Air India cancels 150 flights as pilots continue strike (Second Lead)

May 1st, 2011 - 3:52 am ICT by IANS  

New Delhi, April 30 (IANS) Close to 150 flights were grounded and re-scheduled Saturday as nearly half of Air India’s 1,600 pilots continued their strike for the fourth day despite facing a possible six-month jail for contempt of court and prospect of a partial lockout.

Air India reportedly cancelled and re-scheduled 150 of its daily 225 domestic flights.
While 60 flights were cancelled in Mumbai, 14 were grounded in Kolkata and 12 in Kerala.

“We will operate just around 40 flights nationally, which includes 13 flights from Delhi, where on an average we have 52 flights,” a senior official with the operational arm of the airline said.

Thousands of stranded passengers across the country also were upset with the steep 50-75 percent hike in fares by private airlines.

The strike till Saturday has caused a net loss of Rs.35 crore to the airline, already facing one of its worst financial crises with losses mounting to nearly $3 billion since 2007 when Indian Airlines was merged with Air India.

According to the official, 100 domestic flights of its subsidiary arm of Alliance Air were still being run.

“Only the operations of Air India’s main domestic arm are effected. Our subsidiary Alliance Air is still active with 100 flights on the national network,” said the official.

He said the airline had since Thursday adopted a reduced operations plan, under which fewer flights by wide-bodied aircraft would be operated.

“Currently, our operations are going on smoothly. As we have stopped ticket bookings, passenger loads will also come down and we will be able to tide over this period,” the official said.

Air India Friday curtailed its regular operations by 55 percent from its normal daily schedule of 225.

The official rubbished the talk about a possible lockout of Air India, and termed it as “baseless rumours” floated by the unions.

“These are just rumours being floated about a lockout and nothing more. How can the national carrier be locked out? We have enough executive pilots to operate our flights,” the official said.

The official alleged that some pilots in the striking unions may be behind these rumours.

“It may be just to sensationalise their efforts in pressurising the management that these rumours are being floated by some striking pilots.”

According to the official, the possibility of the imposition of Essential Services Maintenance Act (ESMA) or any other move may be some time away as the matter is subjudice.

“There is no basis in this lock-out talk. The management has said nothing, the government is with us and the matter is in court,” the official said.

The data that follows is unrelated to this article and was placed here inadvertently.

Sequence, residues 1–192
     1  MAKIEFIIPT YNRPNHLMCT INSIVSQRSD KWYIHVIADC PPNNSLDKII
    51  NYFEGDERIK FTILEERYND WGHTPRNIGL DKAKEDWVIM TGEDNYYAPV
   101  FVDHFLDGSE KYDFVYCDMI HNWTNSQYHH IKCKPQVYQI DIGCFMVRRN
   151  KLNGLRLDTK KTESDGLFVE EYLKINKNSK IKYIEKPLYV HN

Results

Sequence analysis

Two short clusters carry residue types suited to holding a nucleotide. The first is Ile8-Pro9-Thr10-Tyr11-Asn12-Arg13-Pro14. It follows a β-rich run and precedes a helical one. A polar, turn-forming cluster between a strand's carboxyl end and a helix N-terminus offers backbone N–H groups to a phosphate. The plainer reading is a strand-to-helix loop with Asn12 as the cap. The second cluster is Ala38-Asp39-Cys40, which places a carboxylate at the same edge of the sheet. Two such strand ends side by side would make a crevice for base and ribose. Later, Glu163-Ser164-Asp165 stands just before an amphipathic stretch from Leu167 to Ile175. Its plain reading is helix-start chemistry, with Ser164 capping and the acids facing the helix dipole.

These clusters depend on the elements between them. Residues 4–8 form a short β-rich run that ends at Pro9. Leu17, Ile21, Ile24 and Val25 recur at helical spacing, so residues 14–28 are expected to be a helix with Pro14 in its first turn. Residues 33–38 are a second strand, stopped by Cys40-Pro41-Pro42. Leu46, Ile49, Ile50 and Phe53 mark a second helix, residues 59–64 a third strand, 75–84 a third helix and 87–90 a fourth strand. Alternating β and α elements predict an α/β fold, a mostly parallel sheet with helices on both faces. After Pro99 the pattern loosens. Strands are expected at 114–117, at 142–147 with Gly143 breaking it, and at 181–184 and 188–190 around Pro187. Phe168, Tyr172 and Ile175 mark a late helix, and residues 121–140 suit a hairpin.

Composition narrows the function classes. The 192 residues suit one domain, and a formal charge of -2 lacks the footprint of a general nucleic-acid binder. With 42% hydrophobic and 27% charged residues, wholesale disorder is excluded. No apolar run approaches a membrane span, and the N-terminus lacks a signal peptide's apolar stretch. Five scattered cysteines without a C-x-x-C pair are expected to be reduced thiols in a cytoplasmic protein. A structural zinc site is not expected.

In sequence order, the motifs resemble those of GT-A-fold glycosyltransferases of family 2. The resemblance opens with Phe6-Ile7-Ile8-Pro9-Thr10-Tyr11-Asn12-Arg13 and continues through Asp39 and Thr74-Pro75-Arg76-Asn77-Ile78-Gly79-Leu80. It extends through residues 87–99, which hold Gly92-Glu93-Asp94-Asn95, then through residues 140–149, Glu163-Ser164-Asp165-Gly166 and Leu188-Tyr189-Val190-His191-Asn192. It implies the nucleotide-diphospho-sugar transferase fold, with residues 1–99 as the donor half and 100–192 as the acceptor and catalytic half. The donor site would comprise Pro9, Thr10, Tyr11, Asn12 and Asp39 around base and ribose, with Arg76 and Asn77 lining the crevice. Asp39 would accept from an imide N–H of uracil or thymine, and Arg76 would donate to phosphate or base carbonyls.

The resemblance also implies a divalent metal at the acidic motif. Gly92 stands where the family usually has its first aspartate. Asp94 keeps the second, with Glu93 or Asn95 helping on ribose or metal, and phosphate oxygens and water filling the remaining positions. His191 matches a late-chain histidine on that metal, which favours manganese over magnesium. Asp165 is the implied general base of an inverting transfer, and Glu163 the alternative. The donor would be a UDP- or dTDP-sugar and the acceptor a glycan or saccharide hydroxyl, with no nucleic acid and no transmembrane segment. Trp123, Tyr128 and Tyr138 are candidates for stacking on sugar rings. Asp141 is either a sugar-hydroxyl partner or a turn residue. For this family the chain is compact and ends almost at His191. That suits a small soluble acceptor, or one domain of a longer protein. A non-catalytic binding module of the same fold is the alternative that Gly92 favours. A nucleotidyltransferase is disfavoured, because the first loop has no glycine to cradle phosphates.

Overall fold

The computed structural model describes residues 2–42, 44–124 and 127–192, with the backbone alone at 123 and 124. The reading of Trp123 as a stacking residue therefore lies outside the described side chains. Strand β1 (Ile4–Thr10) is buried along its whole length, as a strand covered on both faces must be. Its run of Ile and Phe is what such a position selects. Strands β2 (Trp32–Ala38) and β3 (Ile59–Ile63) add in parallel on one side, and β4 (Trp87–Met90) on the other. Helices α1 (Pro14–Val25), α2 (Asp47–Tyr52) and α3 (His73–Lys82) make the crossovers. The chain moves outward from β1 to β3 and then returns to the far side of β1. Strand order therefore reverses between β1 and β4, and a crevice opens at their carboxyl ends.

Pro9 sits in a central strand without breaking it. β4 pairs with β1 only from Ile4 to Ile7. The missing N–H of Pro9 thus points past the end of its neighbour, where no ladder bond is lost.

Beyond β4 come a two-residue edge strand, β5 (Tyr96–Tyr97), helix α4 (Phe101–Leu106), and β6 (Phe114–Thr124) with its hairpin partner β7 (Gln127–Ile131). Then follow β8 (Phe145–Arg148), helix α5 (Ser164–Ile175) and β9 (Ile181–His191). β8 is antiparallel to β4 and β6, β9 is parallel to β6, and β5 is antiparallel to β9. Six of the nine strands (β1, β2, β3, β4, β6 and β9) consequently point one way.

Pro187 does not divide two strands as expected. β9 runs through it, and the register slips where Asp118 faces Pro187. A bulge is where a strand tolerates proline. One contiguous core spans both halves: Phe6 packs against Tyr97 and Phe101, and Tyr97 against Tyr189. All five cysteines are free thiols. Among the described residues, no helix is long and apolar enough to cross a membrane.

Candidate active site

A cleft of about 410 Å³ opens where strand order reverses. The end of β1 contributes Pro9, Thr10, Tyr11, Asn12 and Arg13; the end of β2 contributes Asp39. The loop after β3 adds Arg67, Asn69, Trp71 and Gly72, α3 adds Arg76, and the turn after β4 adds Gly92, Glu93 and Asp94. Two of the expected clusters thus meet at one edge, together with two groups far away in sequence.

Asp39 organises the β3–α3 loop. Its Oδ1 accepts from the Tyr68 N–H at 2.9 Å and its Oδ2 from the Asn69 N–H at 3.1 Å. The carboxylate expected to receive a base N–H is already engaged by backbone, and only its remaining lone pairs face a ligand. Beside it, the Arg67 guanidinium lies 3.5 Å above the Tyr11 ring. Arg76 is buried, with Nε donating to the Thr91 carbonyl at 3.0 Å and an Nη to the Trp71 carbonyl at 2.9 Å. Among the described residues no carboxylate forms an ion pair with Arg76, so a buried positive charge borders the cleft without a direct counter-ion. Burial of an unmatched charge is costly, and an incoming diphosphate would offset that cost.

According to another airline official, the management is also considering an extension in the suspension of further bookings beyond the originally planned Sunday.

“There are various options being considered. But certainly the pilots will not dictate terms.”

Pilots on their part apologised to passengers who were affected by the strike, but stuck to their demands, even leveling corruption charges against Air India chairman and managing director Arvind Jadhav.

“We want an inquiry into various decisions taken by the Jadhav, we believe he is involved into corruption in various accounts like land transfer deal at Mumbai airport,” said A.S. Bhinder, central president Indian Commercial Pilots Association (ICPA).

Air India in its reply said that they will welcome any inquiry into the issues raised by the union, but decided against grating the demands posted by the pilots.

Meanwhile, Delhi High Court Friday had initiated contempt proceedings against the members of the ICPA, the union behind the strike and whose members were on the payroll of erstwhile Indian Airlines.

Justice Gita Mittal initiated suo moto criminal contempt of court proceedings against the union after its members refused to return to work despite her earlier order, restraining them from going ahead with the strike or holding further demonstrations.

Thousands of stranded passengers across the country faced harrowing time as they searched for last minute alternatives.

In the Delhi-Mumbai sector, some passengers said the base fare of Rs.2,400-Rs.3,000 for last-minute bookings had been jacked up to as much as Rs.7,500 by some carriers, resulting in a one-way cost of Rs.11,500, including various levies.

“Some carriers are charging even more,” said Pallavi Garg, a teacher, who was looking at last-minute offers on some travel sites to go to Mumbai from the capital.

The minimum fare, she found, was Rs.6,198 and the maximum touched Rs.27,601 in Kingfisher and Jet.

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